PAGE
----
Grande Utopia Analyzer for Renoise 3.0.1

Today I released a new funky, not too serious, xrnx tool for Renoise called “Grande Utopia Analyzer”. It’s an audio signal analyzer which simulates the famous Focal Grande Utopia EM Hifi speakers:

grande_analyzerThe analyzer listens to the left and right audio channels on the master track, and moves the various speaker cones incl. tweeter according to the audio stream’s frequency content. While it’s primarily a fun tool, the analyzer should display the frequency content correctly (approximatively): Sub from 20..80Hz, bass from  80..220Hz, mids from 220..2200Hz, tweeter from 2200..18.200Hz.

If one clicks on Dirk Nowitzki, a little fact sheet is shown. Check it out:

grande_analyzer_factSince Renoise API actually doesn’t support videos or animated gifs, the biggest problem was to implement the various animations. But I think I’ve found a nice solution which isn’t too hard on the CPU.

Also, it was necessary to insert various signal followers onto the master track: each speaker segment needs a dedicated signal follower – this is unfortunately quite a big dsp chain. Actually I wanted to encapsulate this chain into a doofer device, but the scripting API doesn’t support scripting of doofers – argh !

Further, the analyzer can be persistently enabled / disabled via tools menu and hotkeys:

grande_analyzer_menuDownload and installation:

IMPORTANT HINT: works also for Renoise 3.0.0, but only in mono mode, because of a bug in the signal follower device. I discovered this bug during the development of this tool, and it was fixed in latest Renoise 3.0.1 release.

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Wait – by Joane [REMASTER]

This is a remastered version of the unplugged song “Wait” by Joane.

Remastering by 4irmann. All rights reserved by Joane.
Clock image taken from Wikipedia Commons.



I can’t see you I can’t hear you as if you turned away.
Still I cry to you, still I search you –  come back again.

And I wait for your answer, I wait to see you again.
And as I wait you take me deeper.

So now I know:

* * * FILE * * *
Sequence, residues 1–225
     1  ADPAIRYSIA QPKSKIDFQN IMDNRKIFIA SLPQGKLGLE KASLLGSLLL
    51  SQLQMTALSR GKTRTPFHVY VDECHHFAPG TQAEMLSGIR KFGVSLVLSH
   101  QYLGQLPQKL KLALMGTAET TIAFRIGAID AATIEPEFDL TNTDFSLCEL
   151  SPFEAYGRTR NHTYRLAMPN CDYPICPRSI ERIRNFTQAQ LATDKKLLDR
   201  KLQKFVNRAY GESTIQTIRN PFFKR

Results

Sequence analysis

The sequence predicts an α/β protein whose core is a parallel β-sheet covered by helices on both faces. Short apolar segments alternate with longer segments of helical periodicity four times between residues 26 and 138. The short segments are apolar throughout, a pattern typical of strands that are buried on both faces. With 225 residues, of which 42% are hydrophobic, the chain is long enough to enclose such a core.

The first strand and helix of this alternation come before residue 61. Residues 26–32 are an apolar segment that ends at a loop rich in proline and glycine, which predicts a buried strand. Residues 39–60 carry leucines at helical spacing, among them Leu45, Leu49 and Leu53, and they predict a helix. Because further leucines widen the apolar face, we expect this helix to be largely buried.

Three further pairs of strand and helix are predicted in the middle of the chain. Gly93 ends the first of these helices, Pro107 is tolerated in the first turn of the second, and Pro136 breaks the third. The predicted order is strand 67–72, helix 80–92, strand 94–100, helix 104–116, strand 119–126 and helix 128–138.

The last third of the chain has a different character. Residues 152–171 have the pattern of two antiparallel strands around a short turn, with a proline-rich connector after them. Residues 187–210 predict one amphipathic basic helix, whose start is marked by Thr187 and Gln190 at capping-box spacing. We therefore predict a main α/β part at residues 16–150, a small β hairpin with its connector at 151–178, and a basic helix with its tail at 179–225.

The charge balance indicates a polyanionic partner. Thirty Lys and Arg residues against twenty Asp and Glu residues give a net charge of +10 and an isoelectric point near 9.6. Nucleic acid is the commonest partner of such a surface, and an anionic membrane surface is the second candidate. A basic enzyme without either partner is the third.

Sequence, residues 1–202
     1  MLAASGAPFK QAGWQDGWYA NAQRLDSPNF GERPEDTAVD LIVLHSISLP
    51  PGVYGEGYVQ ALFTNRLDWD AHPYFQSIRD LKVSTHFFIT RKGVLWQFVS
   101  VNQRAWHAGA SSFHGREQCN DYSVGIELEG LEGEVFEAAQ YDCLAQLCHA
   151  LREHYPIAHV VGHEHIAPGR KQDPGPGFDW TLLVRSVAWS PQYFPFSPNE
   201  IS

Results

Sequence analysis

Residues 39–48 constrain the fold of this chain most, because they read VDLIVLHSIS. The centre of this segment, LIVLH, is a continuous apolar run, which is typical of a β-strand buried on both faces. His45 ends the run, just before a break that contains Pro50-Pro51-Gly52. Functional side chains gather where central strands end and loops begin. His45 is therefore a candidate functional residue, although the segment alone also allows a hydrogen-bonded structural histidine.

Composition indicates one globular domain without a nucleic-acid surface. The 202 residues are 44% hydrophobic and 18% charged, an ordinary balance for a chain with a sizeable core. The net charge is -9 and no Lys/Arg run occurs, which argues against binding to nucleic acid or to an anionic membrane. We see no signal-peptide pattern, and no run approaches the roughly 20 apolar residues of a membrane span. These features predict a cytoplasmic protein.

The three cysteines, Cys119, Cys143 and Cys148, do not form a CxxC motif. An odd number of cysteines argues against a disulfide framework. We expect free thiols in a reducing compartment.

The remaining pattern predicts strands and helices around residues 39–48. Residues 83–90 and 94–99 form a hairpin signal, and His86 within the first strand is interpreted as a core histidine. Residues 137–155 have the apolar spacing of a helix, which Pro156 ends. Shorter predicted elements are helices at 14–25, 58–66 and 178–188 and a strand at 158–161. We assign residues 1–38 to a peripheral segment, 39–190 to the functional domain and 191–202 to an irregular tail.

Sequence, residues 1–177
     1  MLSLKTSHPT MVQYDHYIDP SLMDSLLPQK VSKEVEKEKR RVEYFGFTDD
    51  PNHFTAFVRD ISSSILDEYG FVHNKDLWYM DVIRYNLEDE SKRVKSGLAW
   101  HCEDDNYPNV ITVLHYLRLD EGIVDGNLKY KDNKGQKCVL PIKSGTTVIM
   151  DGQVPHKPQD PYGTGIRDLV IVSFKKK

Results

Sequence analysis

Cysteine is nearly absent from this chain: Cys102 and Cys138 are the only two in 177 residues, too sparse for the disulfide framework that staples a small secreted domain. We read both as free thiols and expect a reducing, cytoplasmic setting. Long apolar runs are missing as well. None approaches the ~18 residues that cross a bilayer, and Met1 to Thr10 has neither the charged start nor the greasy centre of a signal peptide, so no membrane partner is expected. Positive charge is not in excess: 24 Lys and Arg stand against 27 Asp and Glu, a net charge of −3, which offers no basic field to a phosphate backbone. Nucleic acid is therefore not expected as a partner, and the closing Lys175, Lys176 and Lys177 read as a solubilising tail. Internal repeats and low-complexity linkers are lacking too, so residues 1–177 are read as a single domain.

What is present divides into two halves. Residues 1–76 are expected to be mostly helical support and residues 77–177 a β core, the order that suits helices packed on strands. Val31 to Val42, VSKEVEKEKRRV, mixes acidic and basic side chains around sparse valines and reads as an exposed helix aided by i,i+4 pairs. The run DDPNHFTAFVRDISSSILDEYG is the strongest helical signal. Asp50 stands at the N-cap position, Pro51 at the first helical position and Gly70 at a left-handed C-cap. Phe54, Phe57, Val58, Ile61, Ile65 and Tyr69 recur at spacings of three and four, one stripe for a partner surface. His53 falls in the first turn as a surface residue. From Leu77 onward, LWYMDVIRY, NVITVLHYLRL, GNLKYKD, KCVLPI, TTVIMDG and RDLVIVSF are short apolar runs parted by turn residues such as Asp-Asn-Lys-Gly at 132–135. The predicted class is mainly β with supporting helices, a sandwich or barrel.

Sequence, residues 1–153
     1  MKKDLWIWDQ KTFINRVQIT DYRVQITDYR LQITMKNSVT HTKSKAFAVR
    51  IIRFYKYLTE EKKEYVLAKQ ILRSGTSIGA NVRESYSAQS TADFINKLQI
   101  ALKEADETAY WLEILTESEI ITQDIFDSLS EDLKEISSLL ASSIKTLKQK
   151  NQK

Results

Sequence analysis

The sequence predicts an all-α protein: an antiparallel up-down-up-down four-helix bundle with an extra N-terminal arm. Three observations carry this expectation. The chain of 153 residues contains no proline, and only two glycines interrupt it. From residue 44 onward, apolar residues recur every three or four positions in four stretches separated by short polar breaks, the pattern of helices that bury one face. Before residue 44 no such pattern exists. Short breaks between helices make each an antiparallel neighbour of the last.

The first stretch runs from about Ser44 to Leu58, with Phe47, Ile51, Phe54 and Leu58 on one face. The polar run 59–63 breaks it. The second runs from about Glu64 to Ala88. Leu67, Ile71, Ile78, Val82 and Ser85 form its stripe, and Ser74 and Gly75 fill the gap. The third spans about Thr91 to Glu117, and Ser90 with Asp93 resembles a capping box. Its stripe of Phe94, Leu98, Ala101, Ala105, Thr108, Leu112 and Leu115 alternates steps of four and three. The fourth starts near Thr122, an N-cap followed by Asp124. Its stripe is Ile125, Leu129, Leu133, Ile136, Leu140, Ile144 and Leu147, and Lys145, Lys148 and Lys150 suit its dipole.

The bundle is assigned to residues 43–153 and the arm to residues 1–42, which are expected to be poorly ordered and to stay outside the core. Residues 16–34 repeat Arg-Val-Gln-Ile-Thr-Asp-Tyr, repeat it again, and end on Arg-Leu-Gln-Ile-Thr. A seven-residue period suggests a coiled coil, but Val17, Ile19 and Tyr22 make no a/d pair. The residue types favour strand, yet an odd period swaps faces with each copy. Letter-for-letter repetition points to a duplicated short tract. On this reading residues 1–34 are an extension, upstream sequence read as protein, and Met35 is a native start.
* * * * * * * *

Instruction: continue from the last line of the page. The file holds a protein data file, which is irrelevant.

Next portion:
you’ve heard my prayer, you’ve heard my cry
I won’t give up you are near by

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FaderPort Emulator for Renoise 3.0

In 2010 I released a driver which integrates the Presonus FaderPort DAW controller into Renoise DAW. See

Since then, Renoise has evolved to version 3.0 and I updated the driver regularly. Nonetheless, the day will come when the FaderPort hardware won’t be produced anymore and without further development the driver will be useless.

Since I still like the driver’s design and stable codebase, I decided to make it also usable for non-FaderPort owners and created a 1:1 FaderPort software emulator with GUI:

FaderPort Emualtor GUIEmulator Features

  • fully integrated into Renoise 3.0
  • resembles 1:1 with the design of the real hardware
  • acts almost like the real hardware
  • All buttons and controls – especially the fader – can be MIDI-mapped to any 3rd party midi controller.

Renoise Integration Of Real HardwareIntegration of real hardwareThe FaderPort’s motorized fader controls the volume level of the currently selected track. Whenever another track is selected, the FaderPort changes it’s position according to the new track’s volume level.

Analogue the FaderPort’s buttons (like play etc.) control Renoise and also reflect Renoise’s state.

Renoise Integration Of Emulator:

Integration of EmulatorThe emulator’s fader controls the volume level of the currently selected track. Whenever another track is selected, the fader  changes it’s position according to the new track’s volume level.